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Occasional Letters: Comparing Neighbours

D Newell, Glasgow

Can you remember the next door neighbours of your childhood? I recall the folk who lived on either side of us when I was a small boy: Mr and Mrs Horney on the right, Mr and Mrs Hook on the left. Their names both began with H, but otherwise they were quite different. The former lived in a house like ours, the latter in a bungalow. The former kept hens (we benefitted from the eggs), the latter had a red setter called Brutus. The former were builders, the latter coal merchants. The former had a son, the latter were childless. The former were "ordinary", the latter slightly "posh". From an early age I learned to differentiate between people. Do you realise you are doing that every time you read your Bible? It is as we compare and contrast neighbouring characters, chapters, verses and events that we learn. Just consider a few simple examples.

Let's take adjacent chapters. Have you ever wondered why the catalogue of Israel's annual festivals in Leviticus 23 is followed in chapter 24 by (of all things) a brief repetition of duties relating to the golden lampstand and the table of showbread? When you think about it, it's quite an odd contrast, especially as chapter 25 carries on where 23 left off, with instructions about other large-scale calendar events – the sabbatical year and the year of jubilee. After the impressive celebration and prophetic anticipation associated with the feasts of Jehovah, a sudden reminder of day-in-day-out routine seems initially a bit of a let-down. But there's a purpose in it all. The juxtaposition makes the point that those big yearly national occasions could never replace the necessity of the daily (trimming and refuelling the lamps) and the weekly (furnishing the table with fresh loaves). Of course, the church has no yearly festivals like Israel. But perhaps it's worth bearing in mind that an annual assembly conference, however celebrated the speakers and however large the numbers, is no substitute for, say, our regular duty of shining daily "as lights in the world; Holding forth the word of life" (Phil 2.15-16), or gathering on the first day of the week to remember the Lord Jesus in the breaking of bread. Scripture never encourages us to trivialize the ordinary. Indeed, it is so often in the mundane routine of personal Bible study and the unglamorous assembly teaching meeting that God speaks to our hearts.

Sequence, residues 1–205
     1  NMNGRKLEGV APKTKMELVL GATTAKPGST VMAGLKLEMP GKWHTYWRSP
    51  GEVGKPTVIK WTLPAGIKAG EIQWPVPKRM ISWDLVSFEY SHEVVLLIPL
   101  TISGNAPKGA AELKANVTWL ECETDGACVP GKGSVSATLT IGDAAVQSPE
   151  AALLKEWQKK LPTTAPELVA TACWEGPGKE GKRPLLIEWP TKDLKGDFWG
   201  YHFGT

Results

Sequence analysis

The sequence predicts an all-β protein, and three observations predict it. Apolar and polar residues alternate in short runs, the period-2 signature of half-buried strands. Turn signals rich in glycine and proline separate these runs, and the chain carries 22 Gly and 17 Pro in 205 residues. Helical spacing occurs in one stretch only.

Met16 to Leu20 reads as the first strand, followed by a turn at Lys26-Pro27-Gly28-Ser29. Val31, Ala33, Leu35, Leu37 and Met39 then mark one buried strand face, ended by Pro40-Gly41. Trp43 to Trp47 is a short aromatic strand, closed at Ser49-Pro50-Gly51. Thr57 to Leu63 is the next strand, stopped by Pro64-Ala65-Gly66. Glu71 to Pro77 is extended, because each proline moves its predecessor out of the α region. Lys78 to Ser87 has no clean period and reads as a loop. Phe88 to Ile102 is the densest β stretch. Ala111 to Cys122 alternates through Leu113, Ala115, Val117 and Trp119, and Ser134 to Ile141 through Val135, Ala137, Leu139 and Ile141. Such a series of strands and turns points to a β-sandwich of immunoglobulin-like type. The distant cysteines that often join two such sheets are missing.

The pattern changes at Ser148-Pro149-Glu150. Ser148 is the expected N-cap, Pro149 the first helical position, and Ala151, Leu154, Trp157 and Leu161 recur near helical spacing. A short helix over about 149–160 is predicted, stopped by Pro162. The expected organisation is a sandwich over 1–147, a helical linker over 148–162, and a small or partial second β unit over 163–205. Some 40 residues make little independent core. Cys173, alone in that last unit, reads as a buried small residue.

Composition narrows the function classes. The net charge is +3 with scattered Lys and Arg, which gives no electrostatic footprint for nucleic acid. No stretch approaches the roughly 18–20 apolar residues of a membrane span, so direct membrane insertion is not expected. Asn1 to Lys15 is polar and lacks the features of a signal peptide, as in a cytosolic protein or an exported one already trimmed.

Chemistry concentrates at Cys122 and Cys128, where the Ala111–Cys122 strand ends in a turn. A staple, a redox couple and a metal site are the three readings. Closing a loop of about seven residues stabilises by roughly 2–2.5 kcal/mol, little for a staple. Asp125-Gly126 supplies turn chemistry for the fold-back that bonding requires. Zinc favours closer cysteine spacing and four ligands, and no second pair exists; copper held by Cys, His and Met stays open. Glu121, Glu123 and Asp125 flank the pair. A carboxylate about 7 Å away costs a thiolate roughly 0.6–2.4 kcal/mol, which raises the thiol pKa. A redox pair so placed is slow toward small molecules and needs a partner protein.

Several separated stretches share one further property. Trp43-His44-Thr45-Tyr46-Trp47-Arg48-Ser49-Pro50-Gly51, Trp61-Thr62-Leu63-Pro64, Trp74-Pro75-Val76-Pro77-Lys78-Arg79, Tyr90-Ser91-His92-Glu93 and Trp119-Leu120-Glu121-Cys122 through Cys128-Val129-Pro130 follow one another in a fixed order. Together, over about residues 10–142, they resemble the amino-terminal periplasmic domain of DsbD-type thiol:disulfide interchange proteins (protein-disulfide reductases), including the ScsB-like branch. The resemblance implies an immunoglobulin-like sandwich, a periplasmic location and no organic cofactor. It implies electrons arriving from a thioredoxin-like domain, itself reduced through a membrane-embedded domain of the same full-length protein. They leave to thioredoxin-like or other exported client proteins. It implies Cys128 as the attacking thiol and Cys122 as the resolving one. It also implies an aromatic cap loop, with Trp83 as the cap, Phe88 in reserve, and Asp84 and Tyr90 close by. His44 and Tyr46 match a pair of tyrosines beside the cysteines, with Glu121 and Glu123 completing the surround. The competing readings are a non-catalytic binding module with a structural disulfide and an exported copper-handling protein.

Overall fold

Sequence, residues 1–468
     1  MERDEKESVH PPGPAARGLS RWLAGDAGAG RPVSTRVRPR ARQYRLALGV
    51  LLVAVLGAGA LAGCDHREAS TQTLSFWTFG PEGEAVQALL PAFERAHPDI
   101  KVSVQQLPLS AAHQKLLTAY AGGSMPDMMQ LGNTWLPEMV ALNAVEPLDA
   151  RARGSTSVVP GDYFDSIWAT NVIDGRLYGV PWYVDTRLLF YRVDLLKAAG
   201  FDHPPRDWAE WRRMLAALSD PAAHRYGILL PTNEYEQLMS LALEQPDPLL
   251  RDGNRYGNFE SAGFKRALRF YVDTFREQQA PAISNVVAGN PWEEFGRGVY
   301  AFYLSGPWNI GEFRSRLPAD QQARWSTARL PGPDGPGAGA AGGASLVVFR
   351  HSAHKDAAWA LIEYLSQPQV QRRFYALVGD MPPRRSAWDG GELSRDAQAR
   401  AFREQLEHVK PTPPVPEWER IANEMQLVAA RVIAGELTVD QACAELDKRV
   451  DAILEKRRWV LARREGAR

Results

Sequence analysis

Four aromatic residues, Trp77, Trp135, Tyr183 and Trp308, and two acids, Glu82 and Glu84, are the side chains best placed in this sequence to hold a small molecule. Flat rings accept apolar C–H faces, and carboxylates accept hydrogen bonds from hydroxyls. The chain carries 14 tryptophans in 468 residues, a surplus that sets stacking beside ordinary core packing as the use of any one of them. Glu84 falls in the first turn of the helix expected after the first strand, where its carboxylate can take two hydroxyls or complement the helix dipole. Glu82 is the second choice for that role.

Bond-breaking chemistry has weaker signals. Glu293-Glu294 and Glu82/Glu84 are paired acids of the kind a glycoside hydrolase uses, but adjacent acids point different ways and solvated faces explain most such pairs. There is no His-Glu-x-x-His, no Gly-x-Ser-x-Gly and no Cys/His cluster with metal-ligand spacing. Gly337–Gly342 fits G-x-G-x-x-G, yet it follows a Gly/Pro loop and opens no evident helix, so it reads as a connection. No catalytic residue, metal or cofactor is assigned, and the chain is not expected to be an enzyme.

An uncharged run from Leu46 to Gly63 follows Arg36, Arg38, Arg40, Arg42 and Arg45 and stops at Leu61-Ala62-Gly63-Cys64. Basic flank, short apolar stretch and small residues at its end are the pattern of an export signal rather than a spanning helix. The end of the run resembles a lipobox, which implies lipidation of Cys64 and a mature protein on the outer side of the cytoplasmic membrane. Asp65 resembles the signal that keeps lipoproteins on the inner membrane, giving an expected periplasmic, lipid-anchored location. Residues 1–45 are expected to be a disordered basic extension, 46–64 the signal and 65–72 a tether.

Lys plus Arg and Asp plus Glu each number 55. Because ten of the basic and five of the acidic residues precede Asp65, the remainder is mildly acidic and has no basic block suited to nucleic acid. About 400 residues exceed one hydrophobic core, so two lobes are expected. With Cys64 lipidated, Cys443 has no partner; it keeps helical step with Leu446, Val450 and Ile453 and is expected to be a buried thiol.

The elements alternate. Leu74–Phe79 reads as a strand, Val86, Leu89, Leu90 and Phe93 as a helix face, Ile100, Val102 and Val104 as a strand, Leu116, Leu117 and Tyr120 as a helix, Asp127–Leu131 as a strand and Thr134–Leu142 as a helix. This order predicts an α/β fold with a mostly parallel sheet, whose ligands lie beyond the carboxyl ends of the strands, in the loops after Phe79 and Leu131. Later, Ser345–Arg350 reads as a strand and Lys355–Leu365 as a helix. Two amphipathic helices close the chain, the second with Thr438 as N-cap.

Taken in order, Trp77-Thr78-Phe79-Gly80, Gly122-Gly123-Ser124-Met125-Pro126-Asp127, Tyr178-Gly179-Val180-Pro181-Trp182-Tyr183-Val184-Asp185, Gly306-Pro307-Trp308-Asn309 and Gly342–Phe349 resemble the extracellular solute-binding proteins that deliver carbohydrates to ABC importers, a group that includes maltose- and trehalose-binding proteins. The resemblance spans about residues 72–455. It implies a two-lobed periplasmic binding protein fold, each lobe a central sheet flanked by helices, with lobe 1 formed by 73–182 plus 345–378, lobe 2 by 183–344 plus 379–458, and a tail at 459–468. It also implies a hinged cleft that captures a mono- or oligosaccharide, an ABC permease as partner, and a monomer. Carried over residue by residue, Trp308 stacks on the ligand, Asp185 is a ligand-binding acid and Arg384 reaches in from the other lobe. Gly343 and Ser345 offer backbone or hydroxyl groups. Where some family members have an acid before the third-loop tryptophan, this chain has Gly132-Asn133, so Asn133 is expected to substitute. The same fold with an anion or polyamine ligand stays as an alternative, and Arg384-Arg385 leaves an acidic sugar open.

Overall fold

What about neighbouring characters? 2 Samuel 19 presents a swift succession of men who came to meet David when he returned triumphant after the quashing of Absalom's rebellion. We might call them the bad, the good, and the elderly. Certainly, they are sharply contrasted, each uttering a key statement which sums up his character. First comes Shimei:

So the king returned, and came to Jordan…And Shimei the son of Gera, a Benjamite…hasted and came down with the men of Judah to meet king David…And Shimei…fell down before the king…And said unto the king, Let not my lord impute iniquity unto me, neither do thou remember that which thy servant did perversely the day that my lord the king went out of Jerusalem, that the king should take it to his heart. For thy servant doth know that I have sinned: therefore, behold, I am come the first this day of all the house of Joseph to go down to meet my lord the king (vv.15-20).

The loutish Shimei, who loudly cursed David in his moment of humiliation, now comes crawling with the admission, "I have sinned". But lip service may be untrustworthy. Both Pharaoh and Saul made similar statements without any supporting evidence of reality, reverting to their old ways once the crisis was over. David, on the other hand, was different. When confronted with terrible personal failure he confessed, "I have sinned against the Lord" (2 Sam 12.13), language which harmonises with the psalm of contrition in which he acknowledged that "Against thee, thee only, have I sinned, and done this evil in thy sight" (Ps 51.4). It was not so much Bathsheba or even Uriah who was the injured party but God Himself. In the light of this, Shimei's protestations sound hollow. Nor did David ever trust him, as his dying instructions to Solomon indicate. May our confessions of sin and professions of praise never be counterfeit.